I don’t want to be anti-intellectual about it – there’s always more that we can learn – but this isn’t like other issues where we have a lot of extra time to do a lot of lengthy focus-grouping. We have to always be moving at the speed of the issue.
Do you think we need to better incorporate the youth voice in the movement?
Yeah. I think wherever you look – and this is true of our entire global network – a lot of the people who are day in and day out engaged in climate-related struggles in their communities are young people. And so it’s really a question of finding the leaders who are already out there and listening to the stories that they have to tell.
There are some beautiful examples of this. I think the Our Children’s Trust lawsuit [by a group of young people against the federal government]… is really an invitation for the rest of us to listen to what these people are living through, and to have them be the leaders in their own story. So there has been some really good progress.
But I think where I maybe feel a little differently than before is, when I first learned about climate change, I thought it was all about young people, because it was about the future. But that was because I was a young person. (Laughs). Now I see much more that it relates to absolutely everyone. It relates to engineers. It relates to young people. It relates to moms. It relates to farmworkers. It’s just a question of how we understand that narrative, and how we involve people in this work through the lens of their own experience.
In the work of helping people understand what climate change is and who is impacted, in some ways youth makes the most sense, just from an intellectual perspective. But the risk there is that you get trapped into thinking climate change is an issue for the next generation, and not an issue impacting people right now.
Do you feel hopeful about the prospects of limiting the amount of climate change?
I feel hopeful about the people who are involved in the movement, and our capacity to win what we know we need to win. There have just been so many examples of communities who stopped coal plants or stopped new mining projects or got their city to go to 100 percent [renewable energy]. I feel like there’s limitless potential in people’s ability to do that. But it’s got to happen at a scale we can’t even really imagine. And that’s the hard part… It’s a very scary time, and a lot of people are justified in real skepticism that we can get there in time.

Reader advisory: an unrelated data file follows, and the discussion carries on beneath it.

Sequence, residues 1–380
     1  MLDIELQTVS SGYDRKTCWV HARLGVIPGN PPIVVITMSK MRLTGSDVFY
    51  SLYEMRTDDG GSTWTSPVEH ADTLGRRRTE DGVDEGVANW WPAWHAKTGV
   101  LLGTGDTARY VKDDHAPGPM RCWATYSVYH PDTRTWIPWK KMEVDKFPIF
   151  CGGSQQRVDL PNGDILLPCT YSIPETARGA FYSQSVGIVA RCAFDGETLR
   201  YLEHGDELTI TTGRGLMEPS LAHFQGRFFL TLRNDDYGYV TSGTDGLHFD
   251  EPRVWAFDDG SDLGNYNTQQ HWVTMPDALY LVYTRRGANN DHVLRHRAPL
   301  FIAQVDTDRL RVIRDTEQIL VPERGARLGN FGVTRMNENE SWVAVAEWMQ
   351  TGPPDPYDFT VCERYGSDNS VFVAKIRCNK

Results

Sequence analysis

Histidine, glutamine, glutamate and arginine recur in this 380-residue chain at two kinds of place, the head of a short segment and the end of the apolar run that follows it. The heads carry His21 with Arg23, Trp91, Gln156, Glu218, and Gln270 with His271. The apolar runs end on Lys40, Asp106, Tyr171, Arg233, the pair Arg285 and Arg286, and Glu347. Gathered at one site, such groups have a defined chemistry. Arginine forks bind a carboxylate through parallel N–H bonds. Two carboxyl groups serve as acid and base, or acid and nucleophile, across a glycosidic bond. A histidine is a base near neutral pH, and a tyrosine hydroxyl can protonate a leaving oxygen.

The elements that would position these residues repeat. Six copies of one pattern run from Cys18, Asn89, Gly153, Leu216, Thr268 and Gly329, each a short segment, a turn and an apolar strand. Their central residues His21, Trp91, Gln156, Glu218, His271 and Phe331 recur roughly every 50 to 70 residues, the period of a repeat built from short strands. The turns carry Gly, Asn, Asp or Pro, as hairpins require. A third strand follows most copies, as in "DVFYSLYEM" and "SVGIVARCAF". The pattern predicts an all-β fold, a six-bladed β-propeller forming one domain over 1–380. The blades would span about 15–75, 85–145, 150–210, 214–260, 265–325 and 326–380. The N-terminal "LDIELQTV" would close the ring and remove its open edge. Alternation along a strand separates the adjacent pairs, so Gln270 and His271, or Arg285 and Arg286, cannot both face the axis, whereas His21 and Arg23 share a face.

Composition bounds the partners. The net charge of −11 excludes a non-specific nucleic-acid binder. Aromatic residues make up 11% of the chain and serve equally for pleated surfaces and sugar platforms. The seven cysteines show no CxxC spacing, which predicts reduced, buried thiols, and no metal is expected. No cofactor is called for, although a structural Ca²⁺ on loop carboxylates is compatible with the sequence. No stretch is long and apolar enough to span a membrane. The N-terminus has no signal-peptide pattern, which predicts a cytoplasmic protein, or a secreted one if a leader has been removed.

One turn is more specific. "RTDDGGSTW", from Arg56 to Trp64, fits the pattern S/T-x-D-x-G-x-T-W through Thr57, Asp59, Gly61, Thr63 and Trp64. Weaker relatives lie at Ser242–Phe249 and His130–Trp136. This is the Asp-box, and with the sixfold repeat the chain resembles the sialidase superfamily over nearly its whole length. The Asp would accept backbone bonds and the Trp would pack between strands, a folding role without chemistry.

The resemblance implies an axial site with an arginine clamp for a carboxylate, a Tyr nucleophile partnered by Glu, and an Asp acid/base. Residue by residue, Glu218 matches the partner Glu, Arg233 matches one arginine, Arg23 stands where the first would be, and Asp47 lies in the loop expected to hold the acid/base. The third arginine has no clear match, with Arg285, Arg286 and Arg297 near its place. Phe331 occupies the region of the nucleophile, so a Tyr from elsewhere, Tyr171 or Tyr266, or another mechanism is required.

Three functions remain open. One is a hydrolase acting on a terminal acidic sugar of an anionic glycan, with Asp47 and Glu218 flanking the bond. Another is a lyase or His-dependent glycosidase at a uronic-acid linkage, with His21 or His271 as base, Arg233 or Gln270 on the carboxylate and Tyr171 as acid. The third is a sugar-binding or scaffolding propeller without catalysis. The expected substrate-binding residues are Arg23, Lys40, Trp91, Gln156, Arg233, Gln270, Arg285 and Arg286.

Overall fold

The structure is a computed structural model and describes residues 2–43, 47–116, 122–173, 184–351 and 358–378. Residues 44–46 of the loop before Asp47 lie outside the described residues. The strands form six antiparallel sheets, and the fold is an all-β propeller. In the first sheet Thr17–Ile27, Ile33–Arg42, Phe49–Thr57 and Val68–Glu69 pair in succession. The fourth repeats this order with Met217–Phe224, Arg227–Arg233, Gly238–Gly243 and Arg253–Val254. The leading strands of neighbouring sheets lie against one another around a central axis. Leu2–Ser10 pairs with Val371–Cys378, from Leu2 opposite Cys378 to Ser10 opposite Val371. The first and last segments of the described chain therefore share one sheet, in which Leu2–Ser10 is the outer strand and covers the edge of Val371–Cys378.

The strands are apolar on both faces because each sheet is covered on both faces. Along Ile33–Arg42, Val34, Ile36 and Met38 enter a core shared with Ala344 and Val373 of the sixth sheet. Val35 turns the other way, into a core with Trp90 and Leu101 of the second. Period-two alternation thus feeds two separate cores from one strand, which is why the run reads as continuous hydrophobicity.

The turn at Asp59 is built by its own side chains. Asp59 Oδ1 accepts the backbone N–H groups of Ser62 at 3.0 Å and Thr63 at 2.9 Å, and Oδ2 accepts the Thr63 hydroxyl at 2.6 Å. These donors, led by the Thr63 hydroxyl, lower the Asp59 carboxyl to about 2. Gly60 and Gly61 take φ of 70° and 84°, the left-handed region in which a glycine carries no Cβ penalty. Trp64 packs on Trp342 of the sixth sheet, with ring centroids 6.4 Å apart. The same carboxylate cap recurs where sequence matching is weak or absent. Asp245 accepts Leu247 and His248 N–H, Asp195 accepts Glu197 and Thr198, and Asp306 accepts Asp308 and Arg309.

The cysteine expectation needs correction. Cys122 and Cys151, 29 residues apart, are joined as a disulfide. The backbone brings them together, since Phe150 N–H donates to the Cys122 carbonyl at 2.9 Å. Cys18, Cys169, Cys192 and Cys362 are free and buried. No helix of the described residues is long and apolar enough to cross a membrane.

But sometimes I liken the climate cause to being a person of faith, which I consider myself to be. You don’t have faith because you have evidence – you have faith because you don’t have evidence. So I think that comes to play a little bit in my feeling of hopefulness when it comes to climate change.
Anything else you’d like to add?
This work is only possible because there’s a big team of people that make 350.org what it is. And that’s a microcosm of the movement as a whole – we only are able to do what we do because there’s a much broader movement. [There is] this increasing convergence across the whole climate movement globally on [issues like] “no to fossil fuels” and “yes to 100 percent renewable energy.” That level of alignment in our movement is incredibly significant and will help us win. And this fact that we’re coming together while so much is coming apart in the climate system is really significant. It’s really a question of how broad can we grow, and how quickly can we do it.
Zoe Loftus-Farren is managing editor of Earth Island Journal. This interview has been edited for clarity and length.
We are standing at a pivotal moment in history, one in which education and advocacy around the climate emergency, public health, racial injustice, and economic inequity is imperative. At Earth Island Journal, we have doubled down on our commitment to uplifting stories that often go unheard, to centering the voices of frontline communities, and to always speak truth to power. We are nonprofit publication. We don’t have a paywall because our mission is to inform, educate and inspire action. Which is why we rely on readers like you for support. If you believe in the work we do, please consider making a tax-deductible year-end donation to our Green Journalism Fund.Donate
For $20 you can get four issues of the magazine, a 50 percent savings off the newsstand rate.